I have a confession to make. I was pretty unsure of what might happen while I was preparing the entire hamburger meat based on Julia Child’s recipe. It turns out the result was awesome. The patty itself was so thick and fat as seen on both pictures. If you ask me about the taste, it was juicy and mouth-watering that I have to fry another patty to satiate my appetite. Honestly (and I don’t mean to brag), the burger was a lot better than the burger joints here in the U.S. or those from the Philippines. Also, if you are cutting costs, hamburger is probably the practical way to go. I finished the entire hamburger meat for 6-7 dinner meals at an estimated total cost of 10 USD. That’s spending around 1.50 USD for one night of fine dining without sipping a glass of red wine.

Now that’s a HAMBURGER!!!

Burger Patty Recipe (taken from “The Way To Cook” by Julia Child)

Ingredients:
1 1/2 pounds (681 g) of ground beef
1 egg
2 tablespoons of onion, grated
2 tablespoons of sour cream
1 teaspoon of thyme (fresh or dry) or Italian seasoning
Salt
Pepper
Cooking oil
Flour

1. In a large bowl, season the ground beef with egg, grated onion, sour cream, thyme, salt and pepper. Mix thoroughly.
2. Divide them in any way you want to and shape them into round patties.
3. Film the frying pan with cooking oil under moderately high heat.
4. As the pan undergoes heating, lightly dredge each side of patty with flour. Fry each patty two minutes in one side and two minutes on the other.
5. If hamburger is squashy, then it is rare. Once the meat starts to bounce when pressing with a turner or your finger, it is medium rare. The hamburger patty is well done when it doesn’t bounce/spring back.

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5 thoughts on “Hamburger Science: Why I Will Probably Never Eat At Another Burger Joint (Unless Starvation Calls For Desperate Measures)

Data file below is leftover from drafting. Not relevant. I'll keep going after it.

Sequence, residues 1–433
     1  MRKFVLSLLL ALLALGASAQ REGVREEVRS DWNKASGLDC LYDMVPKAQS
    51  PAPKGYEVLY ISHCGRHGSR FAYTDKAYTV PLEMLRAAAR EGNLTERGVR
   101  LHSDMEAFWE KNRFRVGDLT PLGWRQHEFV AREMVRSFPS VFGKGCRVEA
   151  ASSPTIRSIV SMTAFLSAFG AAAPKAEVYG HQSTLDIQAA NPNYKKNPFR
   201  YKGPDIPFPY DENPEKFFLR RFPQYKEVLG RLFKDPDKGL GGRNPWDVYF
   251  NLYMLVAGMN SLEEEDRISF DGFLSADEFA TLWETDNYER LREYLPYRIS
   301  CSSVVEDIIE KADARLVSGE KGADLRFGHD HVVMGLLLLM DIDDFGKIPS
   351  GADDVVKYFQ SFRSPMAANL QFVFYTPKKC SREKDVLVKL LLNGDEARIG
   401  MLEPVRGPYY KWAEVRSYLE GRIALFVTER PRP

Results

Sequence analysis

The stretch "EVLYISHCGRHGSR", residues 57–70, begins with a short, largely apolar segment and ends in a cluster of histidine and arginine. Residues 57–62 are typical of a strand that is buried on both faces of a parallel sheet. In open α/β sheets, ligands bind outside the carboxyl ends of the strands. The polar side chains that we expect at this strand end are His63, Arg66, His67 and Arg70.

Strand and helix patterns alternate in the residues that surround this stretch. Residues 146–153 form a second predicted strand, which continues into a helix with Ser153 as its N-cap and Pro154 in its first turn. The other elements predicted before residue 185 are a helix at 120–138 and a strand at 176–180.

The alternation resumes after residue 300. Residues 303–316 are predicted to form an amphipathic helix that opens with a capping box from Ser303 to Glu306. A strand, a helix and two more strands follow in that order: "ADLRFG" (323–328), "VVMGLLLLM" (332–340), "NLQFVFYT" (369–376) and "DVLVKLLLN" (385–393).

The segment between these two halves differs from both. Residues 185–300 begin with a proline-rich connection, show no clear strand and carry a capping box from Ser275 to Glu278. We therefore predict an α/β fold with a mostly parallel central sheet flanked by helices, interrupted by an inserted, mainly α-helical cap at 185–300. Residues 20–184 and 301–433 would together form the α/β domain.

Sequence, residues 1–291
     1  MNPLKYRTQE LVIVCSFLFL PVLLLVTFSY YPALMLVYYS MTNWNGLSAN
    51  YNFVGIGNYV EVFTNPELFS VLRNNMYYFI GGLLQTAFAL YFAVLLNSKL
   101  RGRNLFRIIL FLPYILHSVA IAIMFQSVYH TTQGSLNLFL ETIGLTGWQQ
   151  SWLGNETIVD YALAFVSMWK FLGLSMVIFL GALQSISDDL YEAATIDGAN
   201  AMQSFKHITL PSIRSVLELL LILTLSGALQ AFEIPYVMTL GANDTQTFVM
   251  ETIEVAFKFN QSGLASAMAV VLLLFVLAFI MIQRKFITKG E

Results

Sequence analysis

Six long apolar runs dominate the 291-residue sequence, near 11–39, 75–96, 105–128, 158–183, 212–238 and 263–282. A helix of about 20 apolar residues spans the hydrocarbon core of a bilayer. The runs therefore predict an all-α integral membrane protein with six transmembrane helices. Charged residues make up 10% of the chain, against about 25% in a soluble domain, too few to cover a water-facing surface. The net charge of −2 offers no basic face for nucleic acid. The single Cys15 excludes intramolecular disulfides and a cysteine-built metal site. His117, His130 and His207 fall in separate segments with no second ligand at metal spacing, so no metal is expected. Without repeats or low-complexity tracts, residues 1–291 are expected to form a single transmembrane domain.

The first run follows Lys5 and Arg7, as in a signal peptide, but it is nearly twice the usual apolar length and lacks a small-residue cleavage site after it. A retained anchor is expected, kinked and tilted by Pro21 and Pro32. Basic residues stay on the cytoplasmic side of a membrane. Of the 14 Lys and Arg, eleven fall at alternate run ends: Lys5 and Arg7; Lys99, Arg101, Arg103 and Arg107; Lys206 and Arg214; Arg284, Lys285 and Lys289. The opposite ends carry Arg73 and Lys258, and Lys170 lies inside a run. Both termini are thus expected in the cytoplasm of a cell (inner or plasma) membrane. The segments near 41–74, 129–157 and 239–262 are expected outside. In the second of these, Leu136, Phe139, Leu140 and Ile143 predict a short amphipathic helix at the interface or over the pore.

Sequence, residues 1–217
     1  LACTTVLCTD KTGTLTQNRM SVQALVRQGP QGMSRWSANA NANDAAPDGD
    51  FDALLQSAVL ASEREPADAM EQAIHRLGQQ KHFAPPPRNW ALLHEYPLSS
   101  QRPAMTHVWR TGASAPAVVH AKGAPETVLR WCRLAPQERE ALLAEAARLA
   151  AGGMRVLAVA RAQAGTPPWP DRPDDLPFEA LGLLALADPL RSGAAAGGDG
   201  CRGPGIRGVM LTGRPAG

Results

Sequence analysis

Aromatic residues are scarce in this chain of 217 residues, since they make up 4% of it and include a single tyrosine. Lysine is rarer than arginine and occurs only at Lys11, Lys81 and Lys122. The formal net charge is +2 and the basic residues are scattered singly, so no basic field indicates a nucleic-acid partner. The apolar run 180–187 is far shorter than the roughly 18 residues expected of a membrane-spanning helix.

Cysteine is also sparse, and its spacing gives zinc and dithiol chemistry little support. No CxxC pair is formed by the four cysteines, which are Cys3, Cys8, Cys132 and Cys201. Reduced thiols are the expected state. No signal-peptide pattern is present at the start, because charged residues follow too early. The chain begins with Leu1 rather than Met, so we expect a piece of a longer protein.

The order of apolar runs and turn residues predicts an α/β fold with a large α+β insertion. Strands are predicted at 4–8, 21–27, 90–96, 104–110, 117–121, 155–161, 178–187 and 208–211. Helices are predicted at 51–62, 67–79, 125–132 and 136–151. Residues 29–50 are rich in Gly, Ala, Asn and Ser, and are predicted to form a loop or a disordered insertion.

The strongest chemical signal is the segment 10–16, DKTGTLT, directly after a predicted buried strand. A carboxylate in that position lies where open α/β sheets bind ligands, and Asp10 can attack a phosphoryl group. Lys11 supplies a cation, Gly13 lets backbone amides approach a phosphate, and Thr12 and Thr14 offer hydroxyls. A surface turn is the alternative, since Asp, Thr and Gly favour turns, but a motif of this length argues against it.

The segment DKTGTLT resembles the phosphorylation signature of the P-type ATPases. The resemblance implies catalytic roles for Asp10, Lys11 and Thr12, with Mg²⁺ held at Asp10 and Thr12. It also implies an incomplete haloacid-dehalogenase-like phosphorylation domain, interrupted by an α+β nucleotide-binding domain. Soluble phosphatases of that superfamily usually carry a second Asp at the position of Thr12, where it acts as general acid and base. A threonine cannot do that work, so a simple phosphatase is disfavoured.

1. Hi CM!

      Here’s my advice regarding storage.

      You can cover the mixing bowl containing the hamburger meat with plastic wrap or aluminum foil. Sometime during storage day 3 and storage day 4, if you take out the hamburger meat, you will find a small amount of “juice” at the bottom of the bowl – I strongly think they are from the water-soluble phase of the sour cream. Not to worry though because it’s not yet spoiled. What you can do is before you shape them into patties, mix them again with the meat. You will have to do this over and over every time you will be having a hamburger. =)

    2. What I usually do for burgers is portion them already. Then roll into spheres and flatten them to your desired thickness. (2cm would be great.)
      Then wrap each one loosely in clingwrap or aluminum foil. You can then freeze these. That way, you only thaw the ones you need when you want to eat them.

    3. Here is also another thing regarding storage of ground meat. I got this when I visited our neighbor/family friend several years ago to watch her make Shanghai-style dumplings. The longer the meat is stored in the refrigerator, the juicier it is when cooked.